Best,
      Diane

  • John Moruzzi says:

    Diane, Is there anywhere that I can purchase star bread?
    I grew up in Bridgewater Ma and have relatives in Plymouth and Kingston. Sundays, after mass, we would go visit and always came home with star bread and some great Italian cold cuts. If I could get some, I think I would feel 16 again.

    Respectfully,

    John Moruzzi

    • Diane Brody says:

      Hey John,
      The only place I know of right now is Balboni’s, 25 King Street in Agawam, Massachusetts. There may be others, but I only know of the Springfield area.
      If you can make this recipe, or find someone who would try, you might be surprised at how deliciously authentic it tastes. I’d appreciate if you’d spread the word about Recipephany and this recipe!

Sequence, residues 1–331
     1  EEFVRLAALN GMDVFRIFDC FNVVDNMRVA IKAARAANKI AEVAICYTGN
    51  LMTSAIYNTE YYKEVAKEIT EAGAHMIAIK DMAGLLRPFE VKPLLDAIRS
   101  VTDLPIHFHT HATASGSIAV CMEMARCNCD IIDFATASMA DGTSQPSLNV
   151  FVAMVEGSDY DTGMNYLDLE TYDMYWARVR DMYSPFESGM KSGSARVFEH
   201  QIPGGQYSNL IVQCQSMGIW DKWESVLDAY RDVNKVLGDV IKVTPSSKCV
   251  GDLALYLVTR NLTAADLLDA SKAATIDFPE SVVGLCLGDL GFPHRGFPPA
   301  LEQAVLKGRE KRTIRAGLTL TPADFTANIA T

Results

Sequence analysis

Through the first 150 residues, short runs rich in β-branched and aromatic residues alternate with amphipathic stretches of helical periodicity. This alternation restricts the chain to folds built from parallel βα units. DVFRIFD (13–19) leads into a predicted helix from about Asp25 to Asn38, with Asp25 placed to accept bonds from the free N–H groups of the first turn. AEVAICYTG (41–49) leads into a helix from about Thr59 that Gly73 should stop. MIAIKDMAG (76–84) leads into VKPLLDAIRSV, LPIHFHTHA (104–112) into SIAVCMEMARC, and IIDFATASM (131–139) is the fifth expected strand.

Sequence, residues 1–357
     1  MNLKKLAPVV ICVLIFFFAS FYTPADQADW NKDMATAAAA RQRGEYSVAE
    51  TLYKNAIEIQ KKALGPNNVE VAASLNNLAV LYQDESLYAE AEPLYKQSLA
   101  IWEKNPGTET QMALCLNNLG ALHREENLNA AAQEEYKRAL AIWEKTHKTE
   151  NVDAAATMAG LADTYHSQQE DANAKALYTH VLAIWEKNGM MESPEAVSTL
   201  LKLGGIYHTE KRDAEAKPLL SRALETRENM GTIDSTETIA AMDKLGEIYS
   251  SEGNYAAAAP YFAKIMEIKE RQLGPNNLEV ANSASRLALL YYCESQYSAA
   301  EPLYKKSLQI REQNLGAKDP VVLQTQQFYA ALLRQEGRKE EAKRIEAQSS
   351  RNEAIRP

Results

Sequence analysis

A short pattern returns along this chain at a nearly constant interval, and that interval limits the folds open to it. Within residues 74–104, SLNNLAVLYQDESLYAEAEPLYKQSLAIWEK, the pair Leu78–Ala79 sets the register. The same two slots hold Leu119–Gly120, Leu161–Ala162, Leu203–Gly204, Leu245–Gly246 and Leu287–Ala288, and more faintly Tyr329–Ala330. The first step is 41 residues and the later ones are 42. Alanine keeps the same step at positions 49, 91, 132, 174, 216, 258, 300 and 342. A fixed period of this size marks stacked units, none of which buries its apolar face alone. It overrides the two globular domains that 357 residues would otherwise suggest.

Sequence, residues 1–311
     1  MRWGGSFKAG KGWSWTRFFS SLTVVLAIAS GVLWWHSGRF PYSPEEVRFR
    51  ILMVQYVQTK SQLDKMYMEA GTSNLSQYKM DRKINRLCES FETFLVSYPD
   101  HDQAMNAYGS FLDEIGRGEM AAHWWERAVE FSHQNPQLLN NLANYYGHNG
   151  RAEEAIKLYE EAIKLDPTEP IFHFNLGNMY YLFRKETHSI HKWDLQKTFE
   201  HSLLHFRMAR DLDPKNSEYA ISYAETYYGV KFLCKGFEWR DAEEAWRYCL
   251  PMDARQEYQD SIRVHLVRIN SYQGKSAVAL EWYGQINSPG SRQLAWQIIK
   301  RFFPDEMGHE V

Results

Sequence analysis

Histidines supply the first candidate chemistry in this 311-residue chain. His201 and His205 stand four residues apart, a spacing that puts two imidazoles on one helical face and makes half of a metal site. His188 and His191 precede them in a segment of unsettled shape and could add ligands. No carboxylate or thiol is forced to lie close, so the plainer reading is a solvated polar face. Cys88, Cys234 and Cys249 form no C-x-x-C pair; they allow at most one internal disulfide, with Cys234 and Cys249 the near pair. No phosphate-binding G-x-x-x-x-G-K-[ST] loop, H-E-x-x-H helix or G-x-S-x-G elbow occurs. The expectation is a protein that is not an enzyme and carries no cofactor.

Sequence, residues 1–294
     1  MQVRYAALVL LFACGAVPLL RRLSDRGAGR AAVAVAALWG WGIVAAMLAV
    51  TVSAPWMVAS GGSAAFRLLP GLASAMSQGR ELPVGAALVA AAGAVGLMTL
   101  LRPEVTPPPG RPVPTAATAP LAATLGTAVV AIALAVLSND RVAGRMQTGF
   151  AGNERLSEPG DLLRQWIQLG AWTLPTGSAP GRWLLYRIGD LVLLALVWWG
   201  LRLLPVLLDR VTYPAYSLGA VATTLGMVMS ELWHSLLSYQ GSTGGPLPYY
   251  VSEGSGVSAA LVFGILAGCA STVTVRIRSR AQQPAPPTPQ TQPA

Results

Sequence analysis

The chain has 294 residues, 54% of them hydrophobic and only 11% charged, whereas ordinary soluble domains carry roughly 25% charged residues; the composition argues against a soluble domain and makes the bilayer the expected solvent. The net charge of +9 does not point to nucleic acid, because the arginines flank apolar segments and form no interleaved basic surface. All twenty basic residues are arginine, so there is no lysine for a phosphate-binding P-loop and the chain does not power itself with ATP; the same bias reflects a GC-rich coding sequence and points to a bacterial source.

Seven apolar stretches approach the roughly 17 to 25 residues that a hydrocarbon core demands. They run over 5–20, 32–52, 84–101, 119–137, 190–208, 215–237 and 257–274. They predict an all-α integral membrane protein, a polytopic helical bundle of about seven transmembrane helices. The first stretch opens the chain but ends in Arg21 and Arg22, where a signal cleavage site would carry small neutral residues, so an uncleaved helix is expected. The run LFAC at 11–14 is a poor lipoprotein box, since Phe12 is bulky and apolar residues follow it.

Please let me know if you find any other bakeries.
      And thanks for writing!
      Best,
      Diane

  • Mike Campfield says:

    I live in San Jose, CA now, but I am from Springfield, and searched for “Italian star bread” on a whim after watching an episode of Diners, Drive-Ins and Dives with some good looking Italian bread. Was surprised to see Springfield mentioned in the second sentence. I had no idea the bread was so regional. Star bread was just one of the breads mom might pick up if we were having Italian food – not sure where she got it from – but I always loved it with butter and dipping into sauce. Yum! I don’t know if I’ll make it – I’ve never made bread before. I had recently seen something online or on TV about Detroit-style Pizza, another regional food. Kind of a Sicilian pan pizza, and I have made that about 3 times in the last month – after picking up the special pan and Cheese on Amazon. Yeast was impossible to get, so I got a one pound brick of SAF. With all that yeast, I may bake more dough foods, although I have been trying to go low-carb. Check out the pizza on SeriousEats.